Back in the 70s it wasn’t so uncommon to find power rock trio bands like Rush or Triumph, but I can’t say I’ve come across many death metal trios (with the obvious exception being bands, particularly black metal bands, where there’s just one guy doing everything. But even then they tend to use a full band when playing live.) Well, meet Krisiun, because that is exactly what they are, three Brazilian brothers who’ve been making extreme metal for twenty plus years now. They’ve just released their eighth album, “The Great Execution” and it kills.
These guys first came to my attention about ten years ago with the release of their fourth album, “Ageless Venemous.” They played an old school death metal that seemed like it was influenced by Slayer and Kreator and other early extreme metal progenitors. I remember seeing them play at Jaxx in Springfield, Virginia (I want to say they may have been with Deicide? Cannibal Corpse? I need to find the old ticket stub) and I was pretty impressed that three guys could sound so good doing technical death metal.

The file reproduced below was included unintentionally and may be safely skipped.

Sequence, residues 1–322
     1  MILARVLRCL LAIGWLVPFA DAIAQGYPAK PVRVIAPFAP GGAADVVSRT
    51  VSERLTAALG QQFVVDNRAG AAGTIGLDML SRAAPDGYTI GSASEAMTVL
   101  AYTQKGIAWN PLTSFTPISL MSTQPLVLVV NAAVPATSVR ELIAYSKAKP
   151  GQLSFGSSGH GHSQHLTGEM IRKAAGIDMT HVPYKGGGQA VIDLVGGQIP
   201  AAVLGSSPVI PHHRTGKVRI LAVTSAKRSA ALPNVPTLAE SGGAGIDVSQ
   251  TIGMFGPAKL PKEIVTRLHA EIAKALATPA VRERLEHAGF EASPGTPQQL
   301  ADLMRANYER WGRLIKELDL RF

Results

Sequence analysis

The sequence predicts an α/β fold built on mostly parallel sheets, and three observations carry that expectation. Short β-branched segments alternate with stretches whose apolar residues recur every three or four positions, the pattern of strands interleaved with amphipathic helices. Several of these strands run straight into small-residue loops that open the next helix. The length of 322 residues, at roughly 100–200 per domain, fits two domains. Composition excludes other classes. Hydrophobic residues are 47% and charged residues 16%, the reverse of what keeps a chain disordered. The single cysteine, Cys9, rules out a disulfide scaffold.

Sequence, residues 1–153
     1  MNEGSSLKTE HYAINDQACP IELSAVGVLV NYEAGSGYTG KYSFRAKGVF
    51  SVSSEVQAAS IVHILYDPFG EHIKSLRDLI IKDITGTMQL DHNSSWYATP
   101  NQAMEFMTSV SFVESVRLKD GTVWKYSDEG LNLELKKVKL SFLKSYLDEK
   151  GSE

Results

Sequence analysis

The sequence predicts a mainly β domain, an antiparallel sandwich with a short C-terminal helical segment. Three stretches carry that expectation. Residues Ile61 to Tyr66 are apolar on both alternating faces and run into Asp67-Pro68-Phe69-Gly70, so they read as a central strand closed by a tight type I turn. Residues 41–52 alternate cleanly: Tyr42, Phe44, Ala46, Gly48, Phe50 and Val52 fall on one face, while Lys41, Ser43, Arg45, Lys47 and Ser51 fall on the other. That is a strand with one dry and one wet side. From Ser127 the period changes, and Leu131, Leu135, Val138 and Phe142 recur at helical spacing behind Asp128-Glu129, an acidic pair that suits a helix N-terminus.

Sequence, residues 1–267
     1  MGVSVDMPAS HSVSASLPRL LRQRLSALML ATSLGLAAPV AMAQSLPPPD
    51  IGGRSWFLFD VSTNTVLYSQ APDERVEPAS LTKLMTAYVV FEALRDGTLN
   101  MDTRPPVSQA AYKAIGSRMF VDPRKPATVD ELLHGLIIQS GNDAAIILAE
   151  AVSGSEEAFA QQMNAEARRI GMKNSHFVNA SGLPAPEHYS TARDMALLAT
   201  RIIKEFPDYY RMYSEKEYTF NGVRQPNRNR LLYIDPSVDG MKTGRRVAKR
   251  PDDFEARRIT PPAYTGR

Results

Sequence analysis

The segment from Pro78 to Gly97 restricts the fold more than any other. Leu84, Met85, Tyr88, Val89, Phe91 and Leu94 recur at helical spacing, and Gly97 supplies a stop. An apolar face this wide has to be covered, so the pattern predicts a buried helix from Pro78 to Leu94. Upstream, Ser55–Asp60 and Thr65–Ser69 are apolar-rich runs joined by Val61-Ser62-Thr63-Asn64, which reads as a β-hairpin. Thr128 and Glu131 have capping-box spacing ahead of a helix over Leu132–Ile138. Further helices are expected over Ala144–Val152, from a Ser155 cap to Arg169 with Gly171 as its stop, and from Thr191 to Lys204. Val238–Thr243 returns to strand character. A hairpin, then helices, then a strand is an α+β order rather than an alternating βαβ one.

Members of the non-metal-listening community have been known to say it takes no skill to play heavy metal, and they are of course dead wrong. But it is undeniable that there are many death metal bands around who may have the ability to play loud and fast, but who do not cultivate any songwriting skills and so put out bland, generic sounding music. Hearing the rare band like Krisiun really reminds me that we should expect a little more from death metal. Brutal death metal is great, but let’s not throw songwriting out the window just for the sake of aggression.
Krisiun very obviously know what they are doing AND they have songwriting skill. The music is fast, the vocals are harsh, and there is separation of the different elements so you can hear what everyone is doing (maybe it helps to be a trio?) This makes me happy because they don’t just play fast; they play real riffs and real lead guitar solos like you would get in a thrash band, only in death metal style. And they are not afraid to mix things up a little either; track 6, “The Sword of Orion”, near the very end, there is some fast lead guitar work that sounds suspiciously like Spanish or classical guitar mixed in with the metal. How cool is that? Very cool I say.
It occurs to me that while the title “The Great Execution” refers to the act of ending a person, perhaps a great many persons, but it also applies in this case as the great execution of a new album.Cue rim shot I know, I’m corny, don’t all throw rotting fruit at me at once.